Johan Santana – On The Way?
It’s do or die time for Omar Minaya.
No matter how many times Minaya, or Willie Randolph, or any other Mets official says that the team is “comfortable” with their pitching staff, we know better — they’re NOT comfortable. Oh, we fans — many of us, anyway — are satisfied with the current state of the rotation, so long as the Sheasters pick up one decent veteran arm (Jon Lieber?) as a backup plan. Leading with Pedro, John Maine, and Oliver Perez, then crossing our fingers on El Duque and one of the youngsters, seems like a fair plan. Not ideal, but less questionable than a year ago, for sure.
But the pressure is on Omar to make THE move — the biggest move of his tenure since the Pedro – Beltran one-two punch.
The Twins have been playing chicken with the Yankees and Red Sox all winter, with the Mets a jealous bystander. Now, however, it’s time for someone to blink — and both the BoSox and Bronxters have withdrawn their offers, making the Mets the unlikely leaders. The Yankees have “officially” removed themselves from the sweepstakes, according to owner and figurehead Hank Steinbrenner — but then again, Hank is the same guy who vowed that there would be absolutely no negotiations with a certain third baseman who enjoys the company of Canadian dancers. Still, publicly, the Yankees are out, which means the Red Sox will not budge on their separate offers (one headed by Jacoby Ellsbury and the other featuring Jon Lester). That leaves the Mets and their measly 4-prospect package of Carlos Gomez, Deolis Guerra, Phil Humber, and Kevin Mulvey — not a one ready for MLB duty. Supposedly, the Twins are demanding one more juicy prospect — Fernando Martinez to be exact — and Omar hasn’t blinked … yet.
We’ve already covered the negative aspect of dumping the last of the Mohicans from the Mets’ farm system, so we won’t beat that horse again. We’ll hold our collective breath in hopes that F-Mart is not added to the package, a move that would ultimately set back the minor league system about four years. If F-Mart is added, and the Twins pull the trigger, there will be no turning back — the Mets will be playing for RIGHT NOW for the next five years.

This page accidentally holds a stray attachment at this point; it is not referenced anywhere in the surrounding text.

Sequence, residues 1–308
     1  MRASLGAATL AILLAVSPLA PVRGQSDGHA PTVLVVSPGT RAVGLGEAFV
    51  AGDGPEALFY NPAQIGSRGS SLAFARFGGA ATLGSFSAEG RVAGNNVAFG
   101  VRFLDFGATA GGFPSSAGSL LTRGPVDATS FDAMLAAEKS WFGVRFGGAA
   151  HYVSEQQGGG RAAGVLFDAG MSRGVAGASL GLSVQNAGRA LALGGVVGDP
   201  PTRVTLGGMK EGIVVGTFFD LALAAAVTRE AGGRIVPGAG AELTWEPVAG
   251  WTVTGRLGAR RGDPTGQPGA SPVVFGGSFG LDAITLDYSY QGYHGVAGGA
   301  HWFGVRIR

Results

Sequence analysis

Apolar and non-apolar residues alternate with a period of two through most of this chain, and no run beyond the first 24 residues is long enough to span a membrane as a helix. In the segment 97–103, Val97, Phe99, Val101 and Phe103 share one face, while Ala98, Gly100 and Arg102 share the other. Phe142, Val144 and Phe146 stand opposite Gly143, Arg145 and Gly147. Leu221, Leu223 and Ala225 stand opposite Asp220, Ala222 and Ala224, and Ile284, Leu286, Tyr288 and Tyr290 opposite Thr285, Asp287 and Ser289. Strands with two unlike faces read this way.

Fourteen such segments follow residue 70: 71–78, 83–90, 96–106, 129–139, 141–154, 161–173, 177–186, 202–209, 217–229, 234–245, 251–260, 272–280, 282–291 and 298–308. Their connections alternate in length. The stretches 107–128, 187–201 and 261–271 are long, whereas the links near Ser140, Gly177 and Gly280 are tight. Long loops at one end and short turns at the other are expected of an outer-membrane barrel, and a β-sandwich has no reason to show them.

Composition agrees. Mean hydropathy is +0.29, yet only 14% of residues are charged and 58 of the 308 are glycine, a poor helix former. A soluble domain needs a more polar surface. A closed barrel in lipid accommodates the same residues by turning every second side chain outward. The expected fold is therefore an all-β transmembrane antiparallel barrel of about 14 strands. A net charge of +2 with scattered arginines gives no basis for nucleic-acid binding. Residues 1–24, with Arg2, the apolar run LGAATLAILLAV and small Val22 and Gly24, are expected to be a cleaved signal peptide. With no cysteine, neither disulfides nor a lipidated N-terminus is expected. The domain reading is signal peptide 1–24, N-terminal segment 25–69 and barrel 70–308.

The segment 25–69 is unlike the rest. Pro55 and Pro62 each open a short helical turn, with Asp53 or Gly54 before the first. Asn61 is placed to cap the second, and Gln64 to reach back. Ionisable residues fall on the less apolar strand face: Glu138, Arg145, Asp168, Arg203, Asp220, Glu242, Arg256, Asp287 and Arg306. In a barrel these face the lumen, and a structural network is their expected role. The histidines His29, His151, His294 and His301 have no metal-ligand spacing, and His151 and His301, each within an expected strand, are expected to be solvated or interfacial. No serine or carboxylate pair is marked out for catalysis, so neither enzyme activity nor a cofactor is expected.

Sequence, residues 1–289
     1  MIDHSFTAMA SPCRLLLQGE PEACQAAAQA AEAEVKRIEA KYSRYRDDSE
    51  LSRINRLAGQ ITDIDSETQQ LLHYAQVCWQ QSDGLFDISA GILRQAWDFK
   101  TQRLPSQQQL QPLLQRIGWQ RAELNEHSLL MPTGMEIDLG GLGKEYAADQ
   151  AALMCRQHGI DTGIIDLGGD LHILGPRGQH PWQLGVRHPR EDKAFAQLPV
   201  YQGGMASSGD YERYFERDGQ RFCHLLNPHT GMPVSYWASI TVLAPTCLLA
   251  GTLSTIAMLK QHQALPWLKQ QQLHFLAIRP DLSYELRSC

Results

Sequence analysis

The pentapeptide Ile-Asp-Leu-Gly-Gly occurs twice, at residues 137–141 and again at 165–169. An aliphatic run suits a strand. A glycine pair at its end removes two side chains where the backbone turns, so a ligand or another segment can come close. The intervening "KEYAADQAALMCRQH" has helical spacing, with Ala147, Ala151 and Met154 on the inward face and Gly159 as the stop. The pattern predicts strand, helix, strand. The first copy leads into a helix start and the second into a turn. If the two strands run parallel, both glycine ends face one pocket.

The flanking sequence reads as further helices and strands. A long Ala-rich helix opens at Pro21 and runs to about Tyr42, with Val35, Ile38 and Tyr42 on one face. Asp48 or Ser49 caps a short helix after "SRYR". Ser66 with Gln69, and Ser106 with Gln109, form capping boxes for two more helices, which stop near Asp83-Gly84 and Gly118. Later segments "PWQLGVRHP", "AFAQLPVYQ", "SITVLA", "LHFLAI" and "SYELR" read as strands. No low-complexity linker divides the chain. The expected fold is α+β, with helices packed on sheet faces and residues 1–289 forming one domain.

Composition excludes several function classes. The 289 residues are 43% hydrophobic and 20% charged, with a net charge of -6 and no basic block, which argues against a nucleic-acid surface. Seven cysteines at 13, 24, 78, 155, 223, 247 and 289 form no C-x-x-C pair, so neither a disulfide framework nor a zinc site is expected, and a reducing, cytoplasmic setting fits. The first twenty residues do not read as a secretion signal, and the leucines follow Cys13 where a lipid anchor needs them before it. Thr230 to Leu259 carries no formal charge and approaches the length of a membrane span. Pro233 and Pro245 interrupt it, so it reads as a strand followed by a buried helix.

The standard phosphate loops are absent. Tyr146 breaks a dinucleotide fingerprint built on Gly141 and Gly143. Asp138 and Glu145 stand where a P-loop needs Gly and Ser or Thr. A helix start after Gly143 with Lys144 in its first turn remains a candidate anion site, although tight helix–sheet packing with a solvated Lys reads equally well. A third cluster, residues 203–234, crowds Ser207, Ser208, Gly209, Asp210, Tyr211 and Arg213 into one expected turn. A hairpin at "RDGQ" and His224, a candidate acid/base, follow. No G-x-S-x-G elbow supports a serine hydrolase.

Yes, the Mets are always playing for the present, but at this moment they also have just enough bits and pieces to be optimistic about building from within as they enter their new ballpark in 2009. Chances are good that at least one if not two or three of the aforementioned prospects can make an impact at Citi Field in the near future. Is missing the blossoming of home-grown talent in two or three years worth having Johan Santana now?
It all comes down to this: do the Mets want to stay the course and hope to grow into a longstanding contender, or throw down the gauntlet and show all of MLB they are serious about capturing elite status here and now.
Having ignored, flubbed, or barely missed on all other possibilities this winter, Omar Minaya is pressured to make a move. He has the proper size ego to pull off a deal of this magnitude — in truth, it kills him not to make a big splash. For Minaya, this is almost too easy: the urgency demands that an ace be brought to Shea, the youngsters are mostly unknown to the majority of casual Mets fans, and even if they do pan out, they’ll do it way up in Minnesota — so who in New York would even notice?
In exactly one month’s time, pitchers and catchers will be playing catch. The possibility that Johan Santana will be in Port St. Lucie at that time seems to be growing more realistic every day.